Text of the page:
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Luxury retail rebounds from Covid in the GCC

dubai mall fashion avenue Creative Commons
Dubai Mall's Fashion Avenue is lined with luxury retail brands from Chanel to Louis Vuitton
  • Increase in working Saudi women leads to rise in fashion spending
  • Online shopping alongside stores boosts sales
  • Return of wealthy tourists to UAE improves outlook for high-end brands

The GCC’s luxury retail market has made a quicker than anticipated recovery following the coronavirus pandemic.

An increase in local spending has been a major factor driving the upturn, together with the expansion of the personal luxury market in Saudi Arabia. 

Figures from Bain & Company show that the GCC luxury goods market shrank by 17 percent in 2020 to $7.4 billion.

The drop was most pronounced in the UAE, where tourists account for as much as 60 percent of the luxury market, as travel restrictions cut their spending power.

Early recovery

According to Chalhoub Group, a luxury retailer first established in Syria in 1955, the GCC personal luxury segment was worth $9.7 billion in 2021, outpacing pre-pandemic levels by 23 percent when compared to 2019.

The firm’s report, GCC Personal Luxury in 2021: A Story of Early Recovery, notes that the driving force behind this growth was luxury fashion, which represented 43 percent of the total market.

“The luxury industry in the GCC is experiencing strong growth and closed 2021 above pre-pandemic levels, particularly driven by an acceleration in high-end fashion and jewellery, with prestige beauty showing steady growth,” says Sharmila Murat, chief investment officer at Chalhoub Group. 

“In 2022, the GCC luxury market continues to grow strong, with high-end fashion leading the trend, followed by prestige beauty and jewellery.” 

Courting local consumers

Another significant factor contributing to the recovery is that GCC consumers today conduct 60 percent of their luxury spending within their own countries.

Shopping closer to home has significantly increased since the pandemic. Border closures and travel restrictions because of Covid drove the change in buying behaviour, but the expansion of local retail offerings also contributed to it.

This trend of domestic luxury – an increase in people buying luxury items in their country of residence – is echoed in the State of Fashion 2022 report by McKinsey & Company.

Its authors noted that although travel has traditionally been a driver of luxury spending, international tourism is not expected to fully recover until 2023-24. 

With consumers still mostly travelling locally or regionally, brands are increasingly looking to appeal to this segment of the market. 

“Global luxury brands are making heavy investments in marketing initiatives, localised events and clienteling to win over local consumers and retain their in-country spending,” said Murat.

“The GCC region accounts for one of the highest per capita spending on luxury goods, and international brands are taking note.” 

Rapid growth in Saudi Arabia

The GCC market that international luxury brands are most excited about is Saudi Arabia.

According to the 2021 Luxury Goods Worldwide Market Study by Bain & Company, Saudi Arabia, together with Dubai, is leading the growth in the Middle East luxury goods market, thanks to the profound social and economic changes under way in the country.

Khalid Aljanahi, chief leasing officer of Arabian Centres in Saudi Arabia, says the kingdom’s retail market has changed significantly in a short space of time, and its rapid expansion is set to continue over the next five years.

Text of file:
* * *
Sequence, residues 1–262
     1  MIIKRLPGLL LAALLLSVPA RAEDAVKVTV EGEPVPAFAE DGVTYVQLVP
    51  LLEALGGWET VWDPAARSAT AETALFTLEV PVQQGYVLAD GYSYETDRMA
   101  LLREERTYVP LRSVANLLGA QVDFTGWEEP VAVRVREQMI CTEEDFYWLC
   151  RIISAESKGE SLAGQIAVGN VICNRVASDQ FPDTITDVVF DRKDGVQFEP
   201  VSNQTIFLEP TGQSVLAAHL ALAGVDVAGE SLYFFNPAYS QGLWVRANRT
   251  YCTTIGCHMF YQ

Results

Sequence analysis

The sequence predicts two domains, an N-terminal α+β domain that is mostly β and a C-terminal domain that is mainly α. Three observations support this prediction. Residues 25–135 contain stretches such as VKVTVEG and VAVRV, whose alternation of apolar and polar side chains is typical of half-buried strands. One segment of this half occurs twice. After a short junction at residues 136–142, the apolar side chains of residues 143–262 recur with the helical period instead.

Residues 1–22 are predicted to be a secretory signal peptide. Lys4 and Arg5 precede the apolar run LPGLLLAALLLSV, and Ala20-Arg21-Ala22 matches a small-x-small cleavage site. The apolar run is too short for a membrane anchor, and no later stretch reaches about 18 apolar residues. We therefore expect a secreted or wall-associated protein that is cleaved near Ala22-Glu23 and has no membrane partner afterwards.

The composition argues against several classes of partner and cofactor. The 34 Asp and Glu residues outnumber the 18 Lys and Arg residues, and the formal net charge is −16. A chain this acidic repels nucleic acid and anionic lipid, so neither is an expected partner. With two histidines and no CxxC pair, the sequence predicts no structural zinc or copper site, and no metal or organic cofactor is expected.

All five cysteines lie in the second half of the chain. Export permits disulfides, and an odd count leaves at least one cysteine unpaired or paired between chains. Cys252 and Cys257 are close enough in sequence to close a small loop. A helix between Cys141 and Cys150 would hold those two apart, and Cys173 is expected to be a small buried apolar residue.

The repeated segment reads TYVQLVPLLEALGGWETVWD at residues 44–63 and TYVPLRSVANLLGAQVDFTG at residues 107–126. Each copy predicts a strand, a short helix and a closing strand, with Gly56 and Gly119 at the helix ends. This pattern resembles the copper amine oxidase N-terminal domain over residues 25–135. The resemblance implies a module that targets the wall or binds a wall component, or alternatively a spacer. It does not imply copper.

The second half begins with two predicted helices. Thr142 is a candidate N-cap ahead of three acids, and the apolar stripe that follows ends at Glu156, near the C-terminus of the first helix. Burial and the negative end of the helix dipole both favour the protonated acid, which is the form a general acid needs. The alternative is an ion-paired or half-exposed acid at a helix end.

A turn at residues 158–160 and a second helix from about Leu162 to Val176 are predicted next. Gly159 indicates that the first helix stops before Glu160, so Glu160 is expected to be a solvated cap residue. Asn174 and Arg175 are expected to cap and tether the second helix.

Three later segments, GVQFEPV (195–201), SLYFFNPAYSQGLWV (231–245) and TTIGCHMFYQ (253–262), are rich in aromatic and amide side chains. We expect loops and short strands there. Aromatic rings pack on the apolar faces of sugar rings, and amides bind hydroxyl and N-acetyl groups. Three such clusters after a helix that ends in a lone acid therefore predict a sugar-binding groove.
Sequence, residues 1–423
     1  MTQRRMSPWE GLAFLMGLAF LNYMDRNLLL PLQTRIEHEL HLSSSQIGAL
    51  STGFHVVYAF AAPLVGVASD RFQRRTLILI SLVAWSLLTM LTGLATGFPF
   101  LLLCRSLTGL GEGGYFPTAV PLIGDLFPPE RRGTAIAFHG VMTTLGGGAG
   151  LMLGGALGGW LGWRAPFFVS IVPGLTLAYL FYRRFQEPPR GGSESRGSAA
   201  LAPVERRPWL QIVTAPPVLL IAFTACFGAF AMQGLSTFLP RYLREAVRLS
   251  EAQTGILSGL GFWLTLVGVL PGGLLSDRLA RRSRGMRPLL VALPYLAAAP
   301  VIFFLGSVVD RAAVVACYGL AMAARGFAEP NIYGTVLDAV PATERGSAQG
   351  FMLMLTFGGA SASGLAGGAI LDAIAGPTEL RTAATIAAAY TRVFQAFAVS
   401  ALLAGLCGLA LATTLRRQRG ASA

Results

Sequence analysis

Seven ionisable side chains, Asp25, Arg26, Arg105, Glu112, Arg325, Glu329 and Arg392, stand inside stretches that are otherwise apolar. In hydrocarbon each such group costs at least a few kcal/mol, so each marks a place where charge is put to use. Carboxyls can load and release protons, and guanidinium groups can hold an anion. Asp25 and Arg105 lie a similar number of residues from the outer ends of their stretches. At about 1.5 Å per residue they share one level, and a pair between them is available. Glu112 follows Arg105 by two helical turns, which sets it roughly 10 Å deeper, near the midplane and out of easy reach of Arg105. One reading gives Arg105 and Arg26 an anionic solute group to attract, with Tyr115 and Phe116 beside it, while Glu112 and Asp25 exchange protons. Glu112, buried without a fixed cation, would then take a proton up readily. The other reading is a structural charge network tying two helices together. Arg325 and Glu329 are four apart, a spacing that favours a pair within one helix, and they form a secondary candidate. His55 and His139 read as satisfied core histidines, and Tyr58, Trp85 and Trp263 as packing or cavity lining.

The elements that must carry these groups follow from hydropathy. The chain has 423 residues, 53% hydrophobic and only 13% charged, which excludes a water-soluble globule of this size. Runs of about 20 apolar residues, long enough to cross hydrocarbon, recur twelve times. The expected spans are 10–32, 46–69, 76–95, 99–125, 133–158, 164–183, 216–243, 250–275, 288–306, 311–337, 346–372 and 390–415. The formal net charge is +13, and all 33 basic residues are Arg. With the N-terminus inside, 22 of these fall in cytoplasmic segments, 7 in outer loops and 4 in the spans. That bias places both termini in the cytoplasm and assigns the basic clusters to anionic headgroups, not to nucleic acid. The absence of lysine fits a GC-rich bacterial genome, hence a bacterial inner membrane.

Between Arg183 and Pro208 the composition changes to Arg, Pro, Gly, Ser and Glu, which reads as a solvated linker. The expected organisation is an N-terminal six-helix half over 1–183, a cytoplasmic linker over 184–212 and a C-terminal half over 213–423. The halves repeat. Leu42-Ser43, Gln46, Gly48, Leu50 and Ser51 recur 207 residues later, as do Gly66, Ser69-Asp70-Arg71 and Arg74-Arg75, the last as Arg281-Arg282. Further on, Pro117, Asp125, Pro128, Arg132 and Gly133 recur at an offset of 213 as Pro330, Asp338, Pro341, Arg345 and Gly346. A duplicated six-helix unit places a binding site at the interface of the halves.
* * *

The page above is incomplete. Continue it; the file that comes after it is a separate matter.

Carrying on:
“The market is considered to be the fastest growing luxury retail market in the region, alongside a general shift towards more modern, high-end offerings, both in terms of brands and locations,” he said.

“Older, more traditional sites are being transformed to cater to the growing needs of their communities. We expect this to continue as we both renovate existing sites and develop new ones.”

One of the most important changes in the market is that women now make up 33 percent of the kingdom’s labour force – nearly double the level from five years ago – which translates into more disposable income, and higher spending on luxury goods.

Online shopping

Immersive omnichannel experiences are increasingly a part of the GCC’s luxury shopping offering. The pandemic demonstrated to luxury retailers the disadvantages of only having bricks-and-mortar stores, prompting them to boost investment in ecommerce sales channels.

According to research conducted by McKinsey in 2018, online experiences and content influence more than 78 percent of luxury purchases.

“For luxury goods, there is still a strong in-person component to the experience, and mono-brand stores cater to this demand,” Aljanahi says.

“The consumer wants to touch and feel the product. Visiting the store is often an important part of the purchase.

“But ultimately, online channels must complement traditional retail, and vice versa, because a decision to purchase is not linear, and therefore the experience cannot be either. It is multifaceted or complex, with various levels of engagement.”

The return of international tourists, coupled with an influx of wealthy Russian emigrants results in a promising outlook for luxury retail over the coming year.

Chalhoub Group expects the GCC luxury market to be worth $11 billion in 2023, growing at a compound annual rate of more than 7 percent for 2021-23.

But there are some clouds darkening the horizon according to Murat, notably the inflationary pressures, uncertainty due to the geopolitical situation, and supply chain challenges that are being seen across all sectors of the economy. 

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